Rising mortgage rates lock out homebuyers, trigger layoffs
6.7% rate is more than double that of a year ago
David Avgi, an agent at Avenues Real Estate, has a problem.
Rising mortgage rates have pushed potential homebuyers out of the market as sellers have refused to slash their prices.
“We’re currently in a stalemate with buyers,” Avgi said.
Across the market, homebuyers have seen homes within their reach become unaffordable as mortgage rates have doubled in the past year. The average rate on a 30-year fixed mortgage Thursday was 6.7 percent, the highest since July 2007. A year ago, rates were at 3 percent.
Historically, when borrowing costs go up, home prices come down, but that has not happened this time because so few homes are for sale, according to Melissa Cohn, a senior executive at William-Raveis Mortgage.
“Inventories are not at levels that will really turn it into a true buyer’s market and having prices really soften to compensate for these significantly higher mortgage rates,” she said.
Cohn said high-end markets, such as New York City, the Hamptons and South Florida, have struggled the most with a lack of inventory and high prices.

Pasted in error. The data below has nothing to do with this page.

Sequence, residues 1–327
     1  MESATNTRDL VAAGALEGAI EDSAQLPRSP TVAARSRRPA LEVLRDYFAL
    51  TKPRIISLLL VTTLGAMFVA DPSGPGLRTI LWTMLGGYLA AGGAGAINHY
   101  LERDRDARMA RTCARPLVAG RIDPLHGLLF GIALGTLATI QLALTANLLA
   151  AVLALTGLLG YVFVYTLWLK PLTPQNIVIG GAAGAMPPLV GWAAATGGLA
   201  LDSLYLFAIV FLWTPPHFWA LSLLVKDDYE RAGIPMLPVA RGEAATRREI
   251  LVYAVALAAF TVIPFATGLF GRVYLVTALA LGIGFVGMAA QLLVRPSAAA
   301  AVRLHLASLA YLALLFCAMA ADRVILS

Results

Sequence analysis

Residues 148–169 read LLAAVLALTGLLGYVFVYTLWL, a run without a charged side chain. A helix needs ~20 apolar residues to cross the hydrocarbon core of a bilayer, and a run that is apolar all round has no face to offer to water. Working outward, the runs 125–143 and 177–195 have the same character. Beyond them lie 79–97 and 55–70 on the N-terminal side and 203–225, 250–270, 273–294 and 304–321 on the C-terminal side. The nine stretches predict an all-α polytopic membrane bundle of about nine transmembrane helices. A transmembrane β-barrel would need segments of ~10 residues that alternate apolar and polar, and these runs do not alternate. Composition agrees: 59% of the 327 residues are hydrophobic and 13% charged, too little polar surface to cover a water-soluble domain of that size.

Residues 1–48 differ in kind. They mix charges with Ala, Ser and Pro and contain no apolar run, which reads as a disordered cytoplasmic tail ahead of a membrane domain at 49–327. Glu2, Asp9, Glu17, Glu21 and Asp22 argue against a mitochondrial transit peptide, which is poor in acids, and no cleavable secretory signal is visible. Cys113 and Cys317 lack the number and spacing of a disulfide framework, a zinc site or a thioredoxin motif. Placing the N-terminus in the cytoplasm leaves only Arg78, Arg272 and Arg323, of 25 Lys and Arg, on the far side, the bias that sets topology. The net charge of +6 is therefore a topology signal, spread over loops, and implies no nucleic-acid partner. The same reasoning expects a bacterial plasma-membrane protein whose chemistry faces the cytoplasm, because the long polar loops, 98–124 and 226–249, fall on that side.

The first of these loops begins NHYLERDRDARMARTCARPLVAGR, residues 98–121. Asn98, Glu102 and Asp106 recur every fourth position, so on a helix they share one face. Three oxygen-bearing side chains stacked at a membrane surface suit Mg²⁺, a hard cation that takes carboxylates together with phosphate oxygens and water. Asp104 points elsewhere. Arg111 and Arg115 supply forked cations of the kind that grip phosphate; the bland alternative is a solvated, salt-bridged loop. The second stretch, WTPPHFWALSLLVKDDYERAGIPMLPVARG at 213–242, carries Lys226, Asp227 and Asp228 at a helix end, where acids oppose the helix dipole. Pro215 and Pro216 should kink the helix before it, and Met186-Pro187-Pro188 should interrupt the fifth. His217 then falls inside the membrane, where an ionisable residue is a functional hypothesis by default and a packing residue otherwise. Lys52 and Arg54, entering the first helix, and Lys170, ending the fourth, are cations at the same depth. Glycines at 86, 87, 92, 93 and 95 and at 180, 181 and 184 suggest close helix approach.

Douglas Elliman agent Richard “Tom” Crooks, who works with many first-time homebuyers, has seen many scramble in the past few months as rates rose — backing away from deals, getting help from their parents or rushing into deals in the hopes of avoiding even higher rates.
“It’s a little bit of a fear factor for a few of them,” Crooks said.
Still, some believe rising rates will bring stability to a market where sellers have been calling the shots since early in the pandemic.
“It feels like it’s extreme, but that’s only because we’ve been living in extremes for at least two years, where it was 100 pecent seller side. So now we’re really just coming back to the center,” said Nest Seekers chief economist Erin Sykes. “And it’s helping people kind of reevaluate what they want to do.”
Plunging home sales have led to layoffs across the industry. Brokerage giant Compass has undergone several rounds of them. Anywhere Real Estate also slashed staff. Proptech startup Divvy Homes let 12 percent of its workforce go.
In the mortgage world, Citi cut its lending staff in September, Blend Labs eliminated 220 jobs in August on top of 200 jobs cut in April (shedding approximately 25 percent of its workforce), and, in July, Sprout Mortgage announced it would go out of business.
“A lot of firms hired, hired, hired just to keep up with that marketplace,” Cohn said. “There’s going to be a new normal and the real estate brokerage and mortgage industry as well are going to have to right-size again.”